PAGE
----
Sep 22

It’s over, finally.

The inevitable became official last night when the Florida Marlins eliminated the Mets from playoff contention for the third time in four years. The Marlins might have administered the killing blow, but last night, as in the other two years, the Mets killed themselves.

Last night was a microcosm of this season in many ways, beginning with an offense that squandered numerous opportunities to eventually waste a strong starting performance, this time from Mike Pelfrey. The Mets’ inability t0 produce, much less in the clutch, has been a critical weakness all summer.

We’ve been over this before, but most of the starting position players will return next season so the Mets don’t figure to add a big bat. They need to hope for healthy players and improvement. Hoping makes for a very bad plan.

For his part, Pelfrey continues to pitch well enough to win most games, but last night was betrayed by his defense and later the bullpen.

After Pedro Feliciano retired the first two batters in the eighth, Jerry Manuel went to Elmer Dessens, who gave up four straight hits, including a mammoth three-run homer to Gaby Sanchez. Why Feliciano wasn’t allowed to continue is beyond me. He’s certainly more reliable than Dessens.

Another poor bullpen decision, but there have been so many I’ve lost track.

It’s easy to blame injuries, and for the Mets they could wonder what might have been had they not lost significant time from Carlos Beltran, Jason Bay, Jose Reyes and Johan Santana. Still, the Mets’ losses weren’t as severe as those of the Phillies, but they managed to overcome and have won 21 of their last 25, the kind of hot streak Manuel kept waiting for, but never came.

Championship caliber teams must find a way to overcome from injuries and the Mets did not. There were simply too many times this season when they beat themselves, whether it be an error in the field, giving away an at-bat, or throwing a lazy pitch.

You are what your record says you are, and for the Mets they are a losing team for the second straight season, and out of the playoffs for the fourth straight year.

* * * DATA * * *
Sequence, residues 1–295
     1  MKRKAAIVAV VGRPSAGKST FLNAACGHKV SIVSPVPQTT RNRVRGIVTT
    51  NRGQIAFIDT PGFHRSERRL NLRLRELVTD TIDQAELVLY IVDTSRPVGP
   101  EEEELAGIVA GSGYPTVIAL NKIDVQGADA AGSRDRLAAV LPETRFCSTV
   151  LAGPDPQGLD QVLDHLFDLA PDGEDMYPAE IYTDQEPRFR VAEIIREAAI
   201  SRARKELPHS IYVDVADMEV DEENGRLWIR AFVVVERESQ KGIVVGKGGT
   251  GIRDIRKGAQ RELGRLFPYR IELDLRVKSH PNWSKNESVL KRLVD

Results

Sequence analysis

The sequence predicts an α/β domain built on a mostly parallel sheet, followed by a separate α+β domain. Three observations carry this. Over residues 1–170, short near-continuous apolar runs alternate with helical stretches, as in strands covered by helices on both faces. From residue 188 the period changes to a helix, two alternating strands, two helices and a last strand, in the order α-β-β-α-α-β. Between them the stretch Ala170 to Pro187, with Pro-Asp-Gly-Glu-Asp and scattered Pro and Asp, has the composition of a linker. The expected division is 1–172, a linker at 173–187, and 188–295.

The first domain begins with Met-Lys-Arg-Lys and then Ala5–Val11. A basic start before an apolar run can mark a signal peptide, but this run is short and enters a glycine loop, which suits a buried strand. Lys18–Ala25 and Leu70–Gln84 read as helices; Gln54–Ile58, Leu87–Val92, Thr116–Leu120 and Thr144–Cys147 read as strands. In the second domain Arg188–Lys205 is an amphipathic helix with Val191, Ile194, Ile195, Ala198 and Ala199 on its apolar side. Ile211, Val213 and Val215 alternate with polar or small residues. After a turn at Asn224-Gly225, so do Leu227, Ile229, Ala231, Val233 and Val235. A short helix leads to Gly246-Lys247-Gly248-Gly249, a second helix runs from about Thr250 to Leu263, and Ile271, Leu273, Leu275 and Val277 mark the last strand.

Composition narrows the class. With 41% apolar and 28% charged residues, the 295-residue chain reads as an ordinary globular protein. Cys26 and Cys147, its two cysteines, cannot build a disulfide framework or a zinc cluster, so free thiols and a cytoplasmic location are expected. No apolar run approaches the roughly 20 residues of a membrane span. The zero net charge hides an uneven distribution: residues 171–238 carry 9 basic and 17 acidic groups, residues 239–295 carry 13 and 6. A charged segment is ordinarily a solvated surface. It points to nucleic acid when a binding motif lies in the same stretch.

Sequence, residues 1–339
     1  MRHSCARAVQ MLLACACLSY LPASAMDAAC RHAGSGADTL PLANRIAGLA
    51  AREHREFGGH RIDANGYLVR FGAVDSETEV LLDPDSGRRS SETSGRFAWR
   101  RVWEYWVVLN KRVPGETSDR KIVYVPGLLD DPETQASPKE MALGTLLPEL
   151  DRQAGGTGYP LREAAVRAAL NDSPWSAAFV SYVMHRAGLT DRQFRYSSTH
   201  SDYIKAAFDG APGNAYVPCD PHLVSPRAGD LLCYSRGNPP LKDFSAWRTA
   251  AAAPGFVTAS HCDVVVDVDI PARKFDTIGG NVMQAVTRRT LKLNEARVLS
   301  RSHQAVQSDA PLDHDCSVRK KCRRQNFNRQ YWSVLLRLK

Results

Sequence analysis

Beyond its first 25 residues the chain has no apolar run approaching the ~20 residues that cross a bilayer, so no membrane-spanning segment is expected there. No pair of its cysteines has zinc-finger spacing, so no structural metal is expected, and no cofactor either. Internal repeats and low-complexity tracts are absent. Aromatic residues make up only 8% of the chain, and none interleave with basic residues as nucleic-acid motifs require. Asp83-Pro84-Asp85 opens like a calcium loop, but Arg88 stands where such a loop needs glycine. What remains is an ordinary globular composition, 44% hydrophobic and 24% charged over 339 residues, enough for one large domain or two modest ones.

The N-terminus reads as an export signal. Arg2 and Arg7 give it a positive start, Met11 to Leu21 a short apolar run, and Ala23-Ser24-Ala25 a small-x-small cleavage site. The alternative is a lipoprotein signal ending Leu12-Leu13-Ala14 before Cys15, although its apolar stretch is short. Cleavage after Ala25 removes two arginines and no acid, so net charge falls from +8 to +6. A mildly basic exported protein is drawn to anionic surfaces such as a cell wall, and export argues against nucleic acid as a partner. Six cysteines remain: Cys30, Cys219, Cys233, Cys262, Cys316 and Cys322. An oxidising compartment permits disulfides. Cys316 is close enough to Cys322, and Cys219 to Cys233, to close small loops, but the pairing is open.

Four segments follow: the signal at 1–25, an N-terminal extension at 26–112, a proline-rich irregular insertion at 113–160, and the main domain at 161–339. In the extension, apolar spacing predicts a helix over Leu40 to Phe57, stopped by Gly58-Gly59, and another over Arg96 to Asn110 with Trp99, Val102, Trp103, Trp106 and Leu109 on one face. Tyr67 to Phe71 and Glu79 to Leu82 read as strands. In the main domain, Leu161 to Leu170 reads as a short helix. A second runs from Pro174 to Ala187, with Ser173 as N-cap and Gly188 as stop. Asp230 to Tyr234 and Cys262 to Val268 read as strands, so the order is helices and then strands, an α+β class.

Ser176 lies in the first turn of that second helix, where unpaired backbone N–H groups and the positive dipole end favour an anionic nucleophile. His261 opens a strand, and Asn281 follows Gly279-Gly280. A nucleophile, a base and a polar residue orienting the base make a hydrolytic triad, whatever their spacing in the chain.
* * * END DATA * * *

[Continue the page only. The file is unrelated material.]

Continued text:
On an interesting note, Manuel responded to Joe Torre’s comments about being curious about the Mets’ job, and Torre responded by apologizing to Manuel and saying he was closing the door on managing the Mets. Torre should have danced around the question better and apologized for violating an unwritten protocol.

Still, people change their minds so I wouldn’t write off the Mets and Torre talking after the season. It’s not as if Torre backing off now will save Manuel’s job. The Mets have not been shy in the past for going after media outlets for stories they didn’t like, or weren’t correct. The Mets have not told one media outlet to back off on Manuel, nor have they made any comment about his returning.

They have left Manuel alone to twist in the wind because they know he’s not returning. They are studying their options. Speaking of which, they appear to have lost out on Kevin Towers, who appears to be headed for Arizona. He would have been intriguing.

So, it is officially over, but we’ve known for awhile now that it wasn’t going to happen for the Mets. For me, I thought the series just prior to the break when they lost to Atlanta was a determining moment. From there, came the disastrous West Coast slide that coincided with the return of Carlos Beltran.

From there, the rest of the season was a formality.

Jun 01

Don’t expect much change from Mets, Perez

PEREZ: Holding fast.

I was listening to the radio this morning on the way home from the auto body shop – had a little problem this weekend – and the topic was how to fix the Mets.

I could have driven to Ohio and back and not touched on all the issues, but the synopsis was to cut loose Gary Matthews, Fernando Tatis and Oliver Perez – the dead wood they were called – and replace them with warm, eager minor league bodies.